Last week, Jason and I continued to excavate Feature 380ext. This is a very interesting feature because it contains a lot of Pike vessel sherds and animal bone. When Kallie and I started to dig it, we knew that there were a lot of deer bones in this pit. The actual amount of the bones, however, is more than I expected!
Now we are working on level 02 of the pedestal side of this feature. There is a concentration of bones in area A (one of the fill episodes) of this feature. The bones from the concentration are mostly the bones of deer, though a raccoon radius was also identified. Because of the jumbled nature of the bones in situ, it is not easy to take them out from the feature piece by piece. The bones are very fragile and complicated, so we need to be very careful. This is not an easy mission at all. Actually, it is very easy to break the bones using a trowel. So most of the time I am using a bamboo skewer to remove the dirt or surrounding matrix of the bone concentration. A trowel will be used when I am ready to to remove the dirt in the remaining area, which has a much lower artifact density. Patience is very important when removing the bones from this feature.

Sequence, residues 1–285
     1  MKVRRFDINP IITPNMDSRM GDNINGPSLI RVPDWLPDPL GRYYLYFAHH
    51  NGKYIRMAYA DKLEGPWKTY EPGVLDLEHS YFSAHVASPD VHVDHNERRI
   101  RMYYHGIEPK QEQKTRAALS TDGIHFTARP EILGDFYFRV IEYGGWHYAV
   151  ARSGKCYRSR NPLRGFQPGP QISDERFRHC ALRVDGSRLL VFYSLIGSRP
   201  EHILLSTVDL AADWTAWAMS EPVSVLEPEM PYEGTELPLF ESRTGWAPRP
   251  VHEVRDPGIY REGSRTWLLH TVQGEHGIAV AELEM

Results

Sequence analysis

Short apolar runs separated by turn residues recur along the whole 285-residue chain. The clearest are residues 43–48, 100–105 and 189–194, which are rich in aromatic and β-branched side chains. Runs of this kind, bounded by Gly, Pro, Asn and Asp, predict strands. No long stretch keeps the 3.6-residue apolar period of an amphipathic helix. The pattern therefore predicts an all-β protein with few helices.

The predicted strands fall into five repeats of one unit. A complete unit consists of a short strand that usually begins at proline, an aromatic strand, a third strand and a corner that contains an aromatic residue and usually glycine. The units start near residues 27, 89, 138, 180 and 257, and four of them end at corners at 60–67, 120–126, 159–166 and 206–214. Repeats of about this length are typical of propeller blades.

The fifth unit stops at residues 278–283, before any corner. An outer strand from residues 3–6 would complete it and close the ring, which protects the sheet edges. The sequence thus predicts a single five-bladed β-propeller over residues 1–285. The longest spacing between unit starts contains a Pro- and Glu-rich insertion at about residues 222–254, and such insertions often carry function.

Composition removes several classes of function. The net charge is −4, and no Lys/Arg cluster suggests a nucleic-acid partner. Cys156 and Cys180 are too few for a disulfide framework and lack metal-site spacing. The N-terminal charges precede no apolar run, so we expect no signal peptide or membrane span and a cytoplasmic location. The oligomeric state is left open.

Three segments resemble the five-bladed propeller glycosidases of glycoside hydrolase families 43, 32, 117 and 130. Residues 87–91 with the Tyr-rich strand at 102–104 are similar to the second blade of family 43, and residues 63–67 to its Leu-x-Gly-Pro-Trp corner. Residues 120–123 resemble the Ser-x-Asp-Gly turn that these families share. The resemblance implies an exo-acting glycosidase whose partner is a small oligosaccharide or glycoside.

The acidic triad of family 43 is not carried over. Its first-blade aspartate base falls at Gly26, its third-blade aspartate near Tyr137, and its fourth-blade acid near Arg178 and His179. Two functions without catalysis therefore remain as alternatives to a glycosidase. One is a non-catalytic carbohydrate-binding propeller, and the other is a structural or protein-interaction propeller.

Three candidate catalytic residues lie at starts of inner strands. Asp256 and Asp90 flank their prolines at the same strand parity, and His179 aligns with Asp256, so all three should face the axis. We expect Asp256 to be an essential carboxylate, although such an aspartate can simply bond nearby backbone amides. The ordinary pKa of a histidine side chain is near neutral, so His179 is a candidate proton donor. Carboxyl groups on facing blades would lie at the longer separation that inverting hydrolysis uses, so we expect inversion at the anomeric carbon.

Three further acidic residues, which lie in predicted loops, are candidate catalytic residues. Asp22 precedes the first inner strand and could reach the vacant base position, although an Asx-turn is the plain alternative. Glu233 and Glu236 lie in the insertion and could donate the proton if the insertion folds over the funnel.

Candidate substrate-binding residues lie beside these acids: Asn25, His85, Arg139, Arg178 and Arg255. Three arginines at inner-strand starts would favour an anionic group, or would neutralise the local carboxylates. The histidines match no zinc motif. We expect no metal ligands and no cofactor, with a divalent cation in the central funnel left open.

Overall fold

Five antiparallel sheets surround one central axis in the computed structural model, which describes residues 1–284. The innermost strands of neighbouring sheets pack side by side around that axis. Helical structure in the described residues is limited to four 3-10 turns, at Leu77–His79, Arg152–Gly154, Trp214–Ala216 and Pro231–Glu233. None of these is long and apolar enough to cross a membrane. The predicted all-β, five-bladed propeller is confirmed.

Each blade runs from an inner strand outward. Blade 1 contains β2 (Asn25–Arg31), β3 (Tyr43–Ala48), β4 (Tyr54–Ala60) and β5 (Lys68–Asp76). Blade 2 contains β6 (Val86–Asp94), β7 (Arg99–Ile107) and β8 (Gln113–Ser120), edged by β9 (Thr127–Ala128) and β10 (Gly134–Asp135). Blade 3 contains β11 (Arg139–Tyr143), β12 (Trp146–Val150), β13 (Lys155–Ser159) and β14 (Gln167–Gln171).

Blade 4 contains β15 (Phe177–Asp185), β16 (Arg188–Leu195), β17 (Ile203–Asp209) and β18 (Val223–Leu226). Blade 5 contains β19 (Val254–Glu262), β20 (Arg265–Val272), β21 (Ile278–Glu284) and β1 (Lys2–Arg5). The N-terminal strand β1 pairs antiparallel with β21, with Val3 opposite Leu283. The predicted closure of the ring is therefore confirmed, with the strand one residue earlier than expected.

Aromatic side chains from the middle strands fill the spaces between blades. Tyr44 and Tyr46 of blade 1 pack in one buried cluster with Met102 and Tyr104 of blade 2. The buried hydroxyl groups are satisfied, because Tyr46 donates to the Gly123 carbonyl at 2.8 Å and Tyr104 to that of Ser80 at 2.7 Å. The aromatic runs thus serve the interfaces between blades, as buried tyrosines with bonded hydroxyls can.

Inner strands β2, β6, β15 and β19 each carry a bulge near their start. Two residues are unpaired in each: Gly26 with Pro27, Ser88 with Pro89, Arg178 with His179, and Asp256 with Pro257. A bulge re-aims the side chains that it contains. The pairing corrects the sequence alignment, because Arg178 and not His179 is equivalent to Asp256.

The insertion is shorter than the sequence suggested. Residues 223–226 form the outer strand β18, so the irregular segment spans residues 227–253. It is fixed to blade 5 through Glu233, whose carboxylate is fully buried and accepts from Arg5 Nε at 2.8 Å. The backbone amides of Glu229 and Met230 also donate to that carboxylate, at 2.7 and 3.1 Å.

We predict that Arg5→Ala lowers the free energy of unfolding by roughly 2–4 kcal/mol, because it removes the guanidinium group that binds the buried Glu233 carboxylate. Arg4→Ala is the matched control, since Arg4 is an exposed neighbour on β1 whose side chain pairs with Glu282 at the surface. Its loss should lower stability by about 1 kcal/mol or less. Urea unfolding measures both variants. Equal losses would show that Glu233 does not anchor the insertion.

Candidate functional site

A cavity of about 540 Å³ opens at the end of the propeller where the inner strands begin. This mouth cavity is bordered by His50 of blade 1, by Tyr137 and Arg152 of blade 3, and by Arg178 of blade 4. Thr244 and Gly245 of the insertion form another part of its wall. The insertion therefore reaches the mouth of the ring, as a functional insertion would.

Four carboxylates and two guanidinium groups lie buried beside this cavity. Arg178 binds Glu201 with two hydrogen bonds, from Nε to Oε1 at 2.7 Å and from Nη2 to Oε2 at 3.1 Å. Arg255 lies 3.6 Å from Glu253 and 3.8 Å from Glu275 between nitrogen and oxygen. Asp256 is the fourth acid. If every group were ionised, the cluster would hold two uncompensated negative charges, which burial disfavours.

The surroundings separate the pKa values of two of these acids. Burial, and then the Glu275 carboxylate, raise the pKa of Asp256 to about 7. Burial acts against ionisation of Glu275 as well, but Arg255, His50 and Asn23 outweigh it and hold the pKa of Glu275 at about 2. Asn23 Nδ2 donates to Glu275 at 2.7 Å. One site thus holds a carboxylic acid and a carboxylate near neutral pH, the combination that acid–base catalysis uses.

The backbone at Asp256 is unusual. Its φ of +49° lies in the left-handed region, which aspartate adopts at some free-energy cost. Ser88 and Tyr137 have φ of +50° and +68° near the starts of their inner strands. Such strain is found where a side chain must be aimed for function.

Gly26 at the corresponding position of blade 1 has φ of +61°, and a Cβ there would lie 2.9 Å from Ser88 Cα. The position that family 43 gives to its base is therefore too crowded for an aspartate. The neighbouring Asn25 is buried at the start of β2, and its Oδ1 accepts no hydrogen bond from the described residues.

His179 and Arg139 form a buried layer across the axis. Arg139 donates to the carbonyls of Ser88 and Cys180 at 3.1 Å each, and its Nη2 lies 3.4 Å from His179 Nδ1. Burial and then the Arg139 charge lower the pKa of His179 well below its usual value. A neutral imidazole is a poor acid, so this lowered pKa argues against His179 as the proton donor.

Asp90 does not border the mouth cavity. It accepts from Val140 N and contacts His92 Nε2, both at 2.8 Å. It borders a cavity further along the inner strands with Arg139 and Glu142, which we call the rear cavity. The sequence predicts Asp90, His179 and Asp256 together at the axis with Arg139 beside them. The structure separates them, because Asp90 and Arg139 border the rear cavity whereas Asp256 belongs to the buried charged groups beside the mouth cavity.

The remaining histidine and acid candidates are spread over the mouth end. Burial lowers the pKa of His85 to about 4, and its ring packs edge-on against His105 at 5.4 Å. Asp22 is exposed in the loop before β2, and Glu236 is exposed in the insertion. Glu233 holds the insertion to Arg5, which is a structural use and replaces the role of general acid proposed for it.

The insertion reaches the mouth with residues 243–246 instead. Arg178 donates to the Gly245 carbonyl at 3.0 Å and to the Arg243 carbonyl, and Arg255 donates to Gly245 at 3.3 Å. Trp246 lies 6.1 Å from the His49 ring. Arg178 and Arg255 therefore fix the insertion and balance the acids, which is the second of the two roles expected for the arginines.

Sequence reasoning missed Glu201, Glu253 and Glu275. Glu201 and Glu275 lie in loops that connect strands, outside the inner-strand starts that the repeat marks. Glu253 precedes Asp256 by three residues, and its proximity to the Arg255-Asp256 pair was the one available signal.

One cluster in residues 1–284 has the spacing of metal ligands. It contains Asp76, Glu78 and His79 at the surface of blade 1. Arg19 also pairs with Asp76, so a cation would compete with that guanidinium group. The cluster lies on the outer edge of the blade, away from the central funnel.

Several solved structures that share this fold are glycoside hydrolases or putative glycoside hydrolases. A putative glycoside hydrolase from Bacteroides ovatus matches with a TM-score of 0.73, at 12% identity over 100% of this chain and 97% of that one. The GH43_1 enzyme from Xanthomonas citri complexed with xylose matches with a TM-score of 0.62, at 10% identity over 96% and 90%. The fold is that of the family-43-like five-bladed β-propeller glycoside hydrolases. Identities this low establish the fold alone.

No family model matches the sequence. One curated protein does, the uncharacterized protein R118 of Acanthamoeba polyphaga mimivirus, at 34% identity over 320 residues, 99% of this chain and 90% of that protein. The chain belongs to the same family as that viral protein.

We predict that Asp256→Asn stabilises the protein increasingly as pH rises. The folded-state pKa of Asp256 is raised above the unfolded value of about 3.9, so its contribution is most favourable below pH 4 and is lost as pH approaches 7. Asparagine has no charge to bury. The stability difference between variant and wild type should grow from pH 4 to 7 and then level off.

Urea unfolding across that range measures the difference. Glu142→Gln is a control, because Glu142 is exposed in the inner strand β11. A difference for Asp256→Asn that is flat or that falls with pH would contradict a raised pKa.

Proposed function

Some people may wonder why the bones are so jumbled together. I think this is related to the condition of the animal when the ancient people put them into the pit: the animals may have been put into the pit with some flesh still attached. After the muscles and other structures of the body decomposed in the soil, the remaining bones might have collapsed into the pile of bones we are now finding.